Cath: Some people do and some people don’t – some people want to come in more. And both of those things are difficult to juggle. But in terms of the people who pull back, I always counsel people to just try and think about the fact that what we’re confronting here is not just the mortality of the person who has cancer, but it makes us consider our own mortality as well. And for a lot of people, that’s very difficult. And so that will be the reason that they pull away. Other people just don’t know what to say, and they think that saying the wrong thing would be worse than saying nothing at all, and so they will disappear for that reason. For a lot of people, it just brings back their own experience of losing people that they love, and it’s too hard for them to go back into that place again. So I always try and just say to people, try and come from a place of compassion when you think about why people might be withdrawing. It’s usually because they just can’t do it or they don’t know how to do it, you know, and if it’s someone that’s really important to you, then it’s worth just reaching out and saying, I don’t need you to do anything or say anything, but if we could just catch up once a week and talk about the weather, that would be great.
Julie: Cath in an ideal world, your family and friends will all rally around you. But do we need to acknowledge that some families do have really difficult dynamics, and the stress of providing end of life care may only intensify conflicts? That’s correct, isn’t it?
Cath: Look, it is. And I think, if you’re a carer and you’re thinking that sounds like my family, Julie, then that’s a time to try and seek some support from a professional, to try and set up some rules around the family dynamics. Because the thing that’s important is the person that sits at the centre of it, and they need to be able to see the people that they love, whether those people are talking to each other or not. And so it’s just building a respectful dialogue around how are we going to manage this? How do we make sure everyone gets their chance to have time? How do we cover the issues that are important to everybody? And in that sense, it can be useful to have someone that’s a family friend maybe even act as a bit of a mediator, that just sits, you know, if there’s someone that’s not actually family in the room, we’ll behave ourselves a lot better than if it’s just us.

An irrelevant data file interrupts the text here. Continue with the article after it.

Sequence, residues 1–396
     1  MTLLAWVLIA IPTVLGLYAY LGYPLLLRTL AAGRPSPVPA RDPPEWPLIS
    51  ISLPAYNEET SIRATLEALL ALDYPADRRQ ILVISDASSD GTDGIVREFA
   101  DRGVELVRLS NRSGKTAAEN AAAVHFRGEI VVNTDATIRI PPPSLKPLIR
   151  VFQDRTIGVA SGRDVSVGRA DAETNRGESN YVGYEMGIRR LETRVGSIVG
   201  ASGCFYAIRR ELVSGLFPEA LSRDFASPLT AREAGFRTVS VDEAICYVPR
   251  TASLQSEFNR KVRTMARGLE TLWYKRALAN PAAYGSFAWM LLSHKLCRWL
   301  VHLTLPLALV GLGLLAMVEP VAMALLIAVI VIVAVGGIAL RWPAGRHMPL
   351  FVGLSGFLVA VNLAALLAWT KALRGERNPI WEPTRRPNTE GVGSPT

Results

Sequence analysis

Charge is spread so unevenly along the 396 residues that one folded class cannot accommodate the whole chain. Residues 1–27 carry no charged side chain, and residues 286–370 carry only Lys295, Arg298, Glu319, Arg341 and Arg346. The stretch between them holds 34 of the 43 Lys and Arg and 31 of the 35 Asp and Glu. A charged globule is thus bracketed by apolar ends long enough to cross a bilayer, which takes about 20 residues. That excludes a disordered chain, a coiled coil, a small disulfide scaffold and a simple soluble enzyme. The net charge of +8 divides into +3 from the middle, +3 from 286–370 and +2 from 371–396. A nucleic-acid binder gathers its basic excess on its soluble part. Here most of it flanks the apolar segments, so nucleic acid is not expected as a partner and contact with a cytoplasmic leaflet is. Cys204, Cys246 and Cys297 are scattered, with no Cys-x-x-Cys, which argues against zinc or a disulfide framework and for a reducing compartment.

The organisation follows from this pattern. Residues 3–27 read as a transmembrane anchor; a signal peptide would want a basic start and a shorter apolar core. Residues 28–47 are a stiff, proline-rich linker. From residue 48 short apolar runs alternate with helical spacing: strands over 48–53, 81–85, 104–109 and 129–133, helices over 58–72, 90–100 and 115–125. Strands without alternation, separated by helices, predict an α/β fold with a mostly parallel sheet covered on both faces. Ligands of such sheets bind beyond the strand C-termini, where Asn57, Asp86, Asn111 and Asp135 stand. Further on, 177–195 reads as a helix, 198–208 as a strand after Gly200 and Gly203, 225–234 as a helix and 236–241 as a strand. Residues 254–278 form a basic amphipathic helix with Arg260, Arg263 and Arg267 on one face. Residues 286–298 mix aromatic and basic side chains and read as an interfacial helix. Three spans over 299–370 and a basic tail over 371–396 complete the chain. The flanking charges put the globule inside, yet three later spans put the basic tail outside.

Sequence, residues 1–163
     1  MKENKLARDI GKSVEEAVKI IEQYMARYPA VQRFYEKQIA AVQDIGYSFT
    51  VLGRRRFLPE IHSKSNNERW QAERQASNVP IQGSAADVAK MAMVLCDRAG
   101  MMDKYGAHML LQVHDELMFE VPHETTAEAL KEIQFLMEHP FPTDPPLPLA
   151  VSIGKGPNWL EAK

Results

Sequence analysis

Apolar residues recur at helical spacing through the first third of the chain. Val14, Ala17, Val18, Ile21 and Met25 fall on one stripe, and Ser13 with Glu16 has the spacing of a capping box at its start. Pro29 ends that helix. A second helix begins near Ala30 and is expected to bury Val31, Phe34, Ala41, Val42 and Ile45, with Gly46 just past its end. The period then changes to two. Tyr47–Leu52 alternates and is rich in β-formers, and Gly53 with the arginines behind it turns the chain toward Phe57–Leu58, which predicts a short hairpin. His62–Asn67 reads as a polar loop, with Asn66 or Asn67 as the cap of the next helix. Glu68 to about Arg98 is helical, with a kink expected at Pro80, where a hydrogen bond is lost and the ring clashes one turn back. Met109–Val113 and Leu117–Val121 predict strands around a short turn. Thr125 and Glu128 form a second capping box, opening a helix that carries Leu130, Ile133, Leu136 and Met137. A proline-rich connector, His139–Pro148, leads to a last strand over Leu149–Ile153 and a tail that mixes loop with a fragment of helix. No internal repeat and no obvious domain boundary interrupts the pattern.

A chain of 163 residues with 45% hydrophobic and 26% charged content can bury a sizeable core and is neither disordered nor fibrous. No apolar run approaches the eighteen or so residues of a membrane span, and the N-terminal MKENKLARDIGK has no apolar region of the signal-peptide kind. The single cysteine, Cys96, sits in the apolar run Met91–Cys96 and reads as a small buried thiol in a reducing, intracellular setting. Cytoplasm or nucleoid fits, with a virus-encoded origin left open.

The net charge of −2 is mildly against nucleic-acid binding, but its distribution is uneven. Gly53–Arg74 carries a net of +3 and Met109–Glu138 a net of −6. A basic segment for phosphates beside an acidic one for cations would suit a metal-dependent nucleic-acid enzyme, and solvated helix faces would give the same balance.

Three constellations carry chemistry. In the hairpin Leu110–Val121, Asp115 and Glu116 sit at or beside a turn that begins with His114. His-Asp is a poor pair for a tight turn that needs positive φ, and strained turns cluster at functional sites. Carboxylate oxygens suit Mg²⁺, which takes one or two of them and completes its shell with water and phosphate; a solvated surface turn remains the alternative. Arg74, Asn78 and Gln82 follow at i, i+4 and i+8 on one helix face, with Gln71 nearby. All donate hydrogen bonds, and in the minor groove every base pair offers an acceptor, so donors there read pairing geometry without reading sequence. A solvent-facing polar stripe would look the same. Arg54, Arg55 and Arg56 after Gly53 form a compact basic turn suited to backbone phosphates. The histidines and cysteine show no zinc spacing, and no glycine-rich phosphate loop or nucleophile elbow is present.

Julie: Or seek out as you’ve indicated before, a palliative care team member, a counsellor – social workers are often very experienced.
Cath: Yep, they are.
Julie: Because I have to say that on rare occasions I feel I’ve observed a dynamic where people lose sight of the very unwell relative, and old rivalries, old habits, old resentments dominate. It’s an incredibly upsetting thing to witness. But it does happen, doesn’t it?
Cath: Oh look it does, and I think even in families where there’s very little dispute, it will still bring up differences. This doesn’t necessarily bring out the best in us. It brings out our pain and our emotion a lot of the time, you know. And so, I think the thing to try and work towards as a carer is, if there are disputes happening, just trying to keep them away from the patient. And you may have someone who’s the “security manager” and their role is just to say, okay, can we can we talk about this outside please? It’s time for Mum to rest. Because one of the things that’s important as a carer – and this is a really crucial role – is that you’re trying to actually keep things as stable as you can for that person, you know. So just trying to guide those conversations away, but not to sweep them under the carpet because they will keep coming up – if we don’t address issues, they will keep being raised.
Julie: Well, look, what I’d like to do, Cath, is just raise a couple of very specific situations with you and get your core tips. And the first one is that you’re the main carer and suddenly another relative or friend becomes very critical of all your decisions and gets deeply and suddenly involved, even if they may not have been involved very much before, and they disagree with a lot of what you’ve been doing. What would you say there? What are your tips for that?